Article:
When the nownearly $800 million endowment fund at Carleton College suffered a 19.2 percent loss in 200102, during the dot-com meltdown, its trustees decided they needed a dedicated investment officer to take over. In 2004 the college trustee members of the investment committee tapped Jason Matz to build a new investment office. They put their faith in Matz former director of global equity research at Minneapolis-based consulting firm Jeffrey Slocum & Associates and a portfolio manager at the Minnesota State Board of Investment giving him full discretion over manager selection and portfolio rebalancing after three years. Matz began to diversify, lowering public equity from 61 percent to todays 38 percent and adding to private equity and hedge funds, now at 16.8 percent and 25.5 percent, respectively.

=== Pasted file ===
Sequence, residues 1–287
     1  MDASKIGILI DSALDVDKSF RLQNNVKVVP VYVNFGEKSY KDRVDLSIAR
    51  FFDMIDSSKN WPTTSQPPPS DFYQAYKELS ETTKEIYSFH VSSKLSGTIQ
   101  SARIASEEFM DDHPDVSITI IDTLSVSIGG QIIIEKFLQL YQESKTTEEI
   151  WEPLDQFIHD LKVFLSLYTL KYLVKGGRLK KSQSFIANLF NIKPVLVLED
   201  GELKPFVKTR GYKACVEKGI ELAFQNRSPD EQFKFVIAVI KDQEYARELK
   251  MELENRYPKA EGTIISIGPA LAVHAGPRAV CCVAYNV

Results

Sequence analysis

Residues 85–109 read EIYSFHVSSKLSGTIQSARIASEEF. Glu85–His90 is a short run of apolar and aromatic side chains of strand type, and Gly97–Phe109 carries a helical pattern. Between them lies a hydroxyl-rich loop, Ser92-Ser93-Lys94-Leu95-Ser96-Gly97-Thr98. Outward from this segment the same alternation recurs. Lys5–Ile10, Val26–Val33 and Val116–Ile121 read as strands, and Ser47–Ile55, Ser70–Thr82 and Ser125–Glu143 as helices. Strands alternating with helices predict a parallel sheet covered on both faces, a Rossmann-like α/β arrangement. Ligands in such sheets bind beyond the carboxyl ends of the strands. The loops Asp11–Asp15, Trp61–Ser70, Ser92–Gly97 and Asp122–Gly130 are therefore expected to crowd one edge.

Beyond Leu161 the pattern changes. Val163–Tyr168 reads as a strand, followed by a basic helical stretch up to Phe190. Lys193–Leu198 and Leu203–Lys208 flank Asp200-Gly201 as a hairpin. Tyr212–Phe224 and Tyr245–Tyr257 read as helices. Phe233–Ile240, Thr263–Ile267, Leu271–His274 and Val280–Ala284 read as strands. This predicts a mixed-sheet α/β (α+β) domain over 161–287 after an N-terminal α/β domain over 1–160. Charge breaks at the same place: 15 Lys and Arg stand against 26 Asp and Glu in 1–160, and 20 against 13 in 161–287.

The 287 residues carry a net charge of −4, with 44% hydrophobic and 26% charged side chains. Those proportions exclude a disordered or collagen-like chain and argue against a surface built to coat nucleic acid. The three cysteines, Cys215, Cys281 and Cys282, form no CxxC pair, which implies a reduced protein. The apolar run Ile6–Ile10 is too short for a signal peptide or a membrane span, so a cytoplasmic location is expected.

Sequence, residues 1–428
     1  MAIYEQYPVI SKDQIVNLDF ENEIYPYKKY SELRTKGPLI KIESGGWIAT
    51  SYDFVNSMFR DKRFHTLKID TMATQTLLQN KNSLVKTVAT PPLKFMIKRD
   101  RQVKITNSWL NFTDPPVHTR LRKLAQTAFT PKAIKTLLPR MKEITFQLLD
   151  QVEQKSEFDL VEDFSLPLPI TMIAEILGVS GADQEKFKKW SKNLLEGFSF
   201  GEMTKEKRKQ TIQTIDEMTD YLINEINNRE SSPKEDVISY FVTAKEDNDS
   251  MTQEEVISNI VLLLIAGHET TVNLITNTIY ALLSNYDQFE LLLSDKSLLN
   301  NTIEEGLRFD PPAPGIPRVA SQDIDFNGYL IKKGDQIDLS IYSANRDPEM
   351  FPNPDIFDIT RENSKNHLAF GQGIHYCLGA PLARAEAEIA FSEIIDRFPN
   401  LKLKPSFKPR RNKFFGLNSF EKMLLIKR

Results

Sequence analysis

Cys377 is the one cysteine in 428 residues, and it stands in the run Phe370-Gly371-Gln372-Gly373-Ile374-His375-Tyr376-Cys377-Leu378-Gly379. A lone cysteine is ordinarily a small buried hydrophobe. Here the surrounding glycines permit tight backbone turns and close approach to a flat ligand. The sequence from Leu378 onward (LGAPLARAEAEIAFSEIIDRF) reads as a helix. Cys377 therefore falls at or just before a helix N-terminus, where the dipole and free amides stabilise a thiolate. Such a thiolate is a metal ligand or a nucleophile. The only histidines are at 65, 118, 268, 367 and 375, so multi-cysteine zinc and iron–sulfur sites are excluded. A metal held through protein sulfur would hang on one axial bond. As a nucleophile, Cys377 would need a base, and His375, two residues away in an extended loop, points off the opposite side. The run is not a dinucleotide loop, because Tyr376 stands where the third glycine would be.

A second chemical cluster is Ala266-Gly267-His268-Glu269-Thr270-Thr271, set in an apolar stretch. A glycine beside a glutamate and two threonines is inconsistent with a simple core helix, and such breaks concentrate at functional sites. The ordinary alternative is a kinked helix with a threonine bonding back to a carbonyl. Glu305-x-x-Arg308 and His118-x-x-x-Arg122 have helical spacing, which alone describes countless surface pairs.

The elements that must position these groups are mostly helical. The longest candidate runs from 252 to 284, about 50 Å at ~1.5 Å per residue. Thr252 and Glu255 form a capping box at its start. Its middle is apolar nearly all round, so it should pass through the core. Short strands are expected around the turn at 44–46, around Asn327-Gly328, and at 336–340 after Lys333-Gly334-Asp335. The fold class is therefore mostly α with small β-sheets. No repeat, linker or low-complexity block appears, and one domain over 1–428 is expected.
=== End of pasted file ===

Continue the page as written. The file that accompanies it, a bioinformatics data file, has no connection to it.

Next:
I think improving the governance and decision-making process is the most important factor in determining long-term success in endowment investing, says the 42-year-old CIO, who has produced a 9.7 percent five-year annualized return and a 7 percent return over the past decade at the 2,000-student, Northfield, Minnesotabased liberal arts school.
Carleton was one of a handful of midsize learning institutions that achieved higher returns than most Ivy League schools for the six years following the global financial crisis of 200809. Carletons portfolio actually did better during the crisis because of the asset allocation changes made during the 20062007 time frame, says Matz, who sits on the investment committee at Childrens Hospitals and Clinics of Minnesota. Matz, who earned a BSBA in finance from Boston University in 1994 and an MBA in finance from the Carlson School of Management at the University of Minnesota in 2001, is also a board member at Wilderness Inquiry, an organization that ensures people of all abilities and socioeconomic backgrounds are able to enjoy outdoor adventures.
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